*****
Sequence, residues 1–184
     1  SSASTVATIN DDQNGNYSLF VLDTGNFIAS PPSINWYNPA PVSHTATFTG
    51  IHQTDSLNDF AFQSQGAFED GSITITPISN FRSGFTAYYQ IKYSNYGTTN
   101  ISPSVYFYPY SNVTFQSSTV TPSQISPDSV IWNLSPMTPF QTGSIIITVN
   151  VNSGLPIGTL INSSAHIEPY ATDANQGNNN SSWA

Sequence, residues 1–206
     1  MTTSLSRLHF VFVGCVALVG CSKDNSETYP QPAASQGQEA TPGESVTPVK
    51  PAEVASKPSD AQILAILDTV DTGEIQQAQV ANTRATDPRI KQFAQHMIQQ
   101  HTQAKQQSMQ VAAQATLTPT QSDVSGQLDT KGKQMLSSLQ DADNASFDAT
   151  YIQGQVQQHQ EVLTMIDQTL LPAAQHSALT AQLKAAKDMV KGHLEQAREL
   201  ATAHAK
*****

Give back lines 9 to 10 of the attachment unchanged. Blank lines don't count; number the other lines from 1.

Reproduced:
   101  HTQAKQQSMQ VAAQATLTPT QSDVSGQLDT KGKQMLSSLQ DADNASFDAT
   151  YIQGQVQQHQ EVLTMIDQTL LPAAQHSALT AQLKAAKDMV KGHLEQAREL